SPLM-DC and the Demise of Great Expectations
A year ago today, Lam Akol abandoned membership in the SPLM and formed the Sudan People’s Liberation Movement””Democratic Change (SPLM-DC). In a six-page statement released to the media, Akol rounded off a litany of grievances against his erstwhile colleagues in the SPLM.
He accused the SPLM of cronyism, lack of ideas and stifling alternative views to improve the party.
The SPLM-DC, he declared, was formed to “save the SPLM from the collapse it is heading for.”
By sticking to the SPLM name, Akol sought to tell the public that there was nothing wrong per se with the old SPLM. The problem, he said, was that a clique had taken control of the party and ostracized all progressive initiatives.
The SPLM, he reiterated, was now a spent force, one that “cannot pull crowds anymore, let alone dream of winning an election.” He emphasized that salvation rests in the new party, the SPLM-DC.
Akol’s attempt to appeal to the rank and file of his former party, the SPLM, was also visible in the symbolism he chose to evoke. The 6th of June, was the same day of the Ayod mutiny in 1983. The Ayod mutineers under Major William Nyuon Bany fled to the bush to link up with other renegades from the Bor garrison who rebelled a month earlier, to form the nucleus of what became the SPLA.
Given Akol’s stature as a senior member of the SPLM and architect of the 1991 split, the formation of the SPLM-DC was an emotional subject for Southern Sudanese as much as it was a major earthquake on their political landscape. On one hand, a section of the Southern polity felt that with independence from the North almost within reach, a unity of purpose was crucial to facing Khartoum. Akol’s actions, amidst accusations NCP bankrolling, were therefore retrogressive to the national objective of independence. On the other hand, there was a loud chorus that said the SPLM’s corrupt practices and overt nepotism deserved an answer in the form delivered by Akol.
But a year later, has the SPLM-DC become a viable alternative to the SPLM in the South?
In this article, I argue that despite the fanfare the SPLM-DC generated and the support it garnered from Southerners who were disgruntled with the SPLM, Akol’s new party is light years away from significantly impacting the political landscape in the South due to several factors which I discuss below.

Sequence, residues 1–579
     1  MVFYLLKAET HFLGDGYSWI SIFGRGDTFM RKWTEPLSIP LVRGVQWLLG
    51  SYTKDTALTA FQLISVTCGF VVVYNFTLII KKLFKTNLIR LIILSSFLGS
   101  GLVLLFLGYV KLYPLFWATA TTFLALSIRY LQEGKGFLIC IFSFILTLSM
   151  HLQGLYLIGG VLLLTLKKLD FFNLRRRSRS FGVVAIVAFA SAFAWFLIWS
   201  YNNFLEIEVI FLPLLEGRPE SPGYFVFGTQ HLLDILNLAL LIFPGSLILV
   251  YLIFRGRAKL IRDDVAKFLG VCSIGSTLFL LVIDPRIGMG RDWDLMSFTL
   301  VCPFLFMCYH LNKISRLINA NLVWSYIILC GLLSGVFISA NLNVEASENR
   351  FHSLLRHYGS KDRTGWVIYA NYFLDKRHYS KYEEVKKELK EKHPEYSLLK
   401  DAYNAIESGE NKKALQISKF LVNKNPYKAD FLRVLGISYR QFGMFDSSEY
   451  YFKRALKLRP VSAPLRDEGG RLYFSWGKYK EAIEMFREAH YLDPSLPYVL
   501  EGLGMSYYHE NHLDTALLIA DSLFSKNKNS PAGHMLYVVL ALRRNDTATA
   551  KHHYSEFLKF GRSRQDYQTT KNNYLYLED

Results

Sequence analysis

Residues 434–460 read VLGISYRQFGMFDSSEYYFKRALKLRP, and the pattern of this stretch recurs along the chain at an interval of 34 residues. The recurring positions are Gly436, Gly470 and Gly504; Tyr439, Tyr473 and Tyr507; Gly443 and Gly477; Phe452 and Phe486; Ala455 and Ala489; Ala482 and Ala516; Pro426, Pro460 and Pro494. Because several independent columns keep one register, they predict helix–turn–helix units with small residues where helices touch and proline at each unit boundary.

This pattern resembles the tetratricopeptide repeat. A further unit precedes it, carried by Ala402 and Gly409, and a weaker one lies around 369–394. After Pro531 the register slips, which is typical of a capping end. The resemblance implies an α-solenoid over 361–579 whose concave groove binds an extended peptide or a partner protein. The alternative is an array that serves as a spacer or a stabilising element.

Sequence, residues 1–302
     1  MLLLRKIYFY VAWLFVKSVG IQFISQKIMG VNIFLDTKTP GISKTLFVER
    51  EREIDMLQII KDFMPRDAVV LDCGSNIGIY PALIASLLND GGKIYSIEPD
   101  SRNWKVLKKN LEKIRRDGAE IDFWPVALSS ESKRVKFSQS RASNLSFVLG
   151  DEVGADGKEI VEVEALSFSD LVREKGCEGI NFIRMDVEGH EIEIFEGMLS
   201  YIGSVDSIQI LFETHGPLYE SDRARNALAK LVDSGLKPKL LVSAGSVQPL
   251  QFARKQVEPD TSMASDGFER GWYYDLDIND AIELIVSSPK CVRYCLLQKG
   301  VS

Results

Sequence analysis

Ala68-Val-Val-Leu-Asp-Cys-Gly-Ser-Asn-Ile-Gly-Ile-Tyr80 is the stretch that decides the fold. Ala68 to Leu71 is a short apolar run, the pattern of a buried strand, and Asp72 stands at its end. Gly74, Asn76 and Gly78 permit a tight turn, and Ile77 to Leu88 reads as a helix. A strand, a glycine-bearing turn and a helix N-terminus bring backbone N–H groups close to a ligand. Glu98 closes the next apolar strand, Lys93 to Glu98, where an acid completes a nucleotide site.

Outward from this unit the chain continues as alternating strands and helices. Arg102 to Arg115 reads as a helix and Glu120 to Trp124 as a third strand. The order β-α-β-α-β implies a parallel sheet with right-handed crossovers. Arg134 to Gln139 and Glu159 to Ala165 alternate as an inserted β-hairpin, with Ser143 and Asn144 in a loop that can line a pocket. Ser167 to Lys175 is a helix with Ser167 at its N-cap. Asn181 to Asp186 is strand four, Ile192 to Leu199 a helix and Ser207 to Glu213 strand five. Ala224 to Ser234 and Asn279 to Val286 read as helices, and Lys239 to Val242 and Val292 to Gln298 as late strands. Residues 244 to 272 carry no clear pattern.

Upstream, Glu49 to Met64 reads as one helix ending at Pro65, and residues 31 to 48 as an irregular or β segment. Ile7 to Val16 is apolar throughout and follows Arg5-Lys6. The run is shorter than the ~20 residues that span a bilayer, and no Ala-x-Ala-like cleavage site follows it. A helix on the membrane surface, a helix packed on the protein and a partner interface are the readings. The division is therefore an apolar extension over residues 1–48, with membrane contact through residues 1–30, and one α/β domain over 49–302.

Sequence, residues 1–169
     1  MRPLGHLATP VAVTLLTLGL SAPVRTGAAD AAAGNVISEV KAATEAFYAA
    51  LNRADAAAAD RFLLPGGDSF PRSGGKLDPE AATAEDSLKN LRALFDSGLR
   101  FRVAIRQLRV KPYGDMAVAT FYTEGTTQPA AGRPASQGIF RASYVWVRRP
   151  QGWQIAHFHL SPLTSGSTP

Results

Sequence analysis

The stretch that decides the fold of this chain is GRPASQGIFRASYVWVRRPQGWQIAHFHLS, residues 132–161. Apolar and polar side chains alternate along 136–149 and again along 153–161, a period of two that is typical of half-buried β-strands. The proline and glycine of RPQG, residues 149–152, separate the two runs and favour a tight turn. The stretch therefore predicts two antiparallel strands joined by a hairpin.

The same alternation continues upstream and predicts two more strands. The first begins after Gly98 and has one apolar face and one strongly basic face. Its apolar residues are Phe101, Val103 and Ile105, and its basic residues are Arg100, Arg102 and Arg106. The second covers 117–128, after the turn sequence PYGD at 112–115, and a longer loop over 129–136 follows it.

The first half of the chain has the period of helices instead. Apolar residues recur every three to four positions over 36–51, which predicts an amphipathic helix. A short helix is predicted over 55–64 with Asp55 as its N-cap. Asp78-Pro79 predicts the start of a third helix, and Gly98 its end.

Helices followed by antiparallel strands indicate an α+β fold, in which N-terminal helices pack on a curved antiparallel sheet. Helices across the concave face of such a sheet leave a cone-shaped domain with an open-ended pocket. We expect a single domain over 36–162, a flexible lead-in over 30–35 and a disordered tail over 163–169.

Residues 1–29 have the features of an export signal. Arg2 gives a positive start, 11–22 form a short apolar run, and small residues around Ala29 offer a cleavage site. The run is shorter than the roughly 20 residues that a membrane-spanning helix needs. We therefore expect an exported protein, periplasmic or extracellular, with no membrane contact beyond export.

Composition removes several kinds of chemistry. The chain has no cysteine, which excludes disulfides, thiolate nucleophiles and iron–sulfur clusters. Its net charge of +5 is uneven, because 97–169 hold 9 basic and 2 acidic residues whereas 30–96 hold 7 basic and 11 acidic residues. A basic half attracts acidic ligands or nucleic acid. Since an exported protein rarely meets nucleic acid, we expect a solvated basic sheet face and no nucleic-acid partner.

The first factor has to do with Akol’s stature and political past. His seniority in the SPLM in the 1980s and subsequent leadership in the 1991 split has made him a recognizable name throughout the South. In this respect, the formation of the SPLM-DC gained wide prominence among the informed urban elite in the South.
On the other hand, Akol’s involvement in the 1991 break-up of the SPLA/M, and his numerous political alliances and party switching in the 1990s, casts him as an unreliable fortune seeker. SPLM propaganda was quick to capitalize on this, painting Akol as a back stabber out for his own personal interest. The refrain uttered to the Southern public was “˜He’s joined forces with the people who used to send the Antonov bombers and they are the ones funding him.’ To the simple Southern Sudanese peasant, this is a powerful message with far reaching consequences seen in the elections in April.
In other words, Akol’s leadership of the SPLM-DC is the party’s greatest liability in the South.
The other factor as to why the SPLM-DC is ages from having an impact in the South has to do with blunders committed by the party. The SPLM-DC has the dubious distinction as one of a few””if not the first””Southern–led party to be launched from Khartoum during peace time. This decision to launch from “˜foreign’ soil, coupled with allegations of NCP bankrolling, alienated the new party from its would-be base in the South.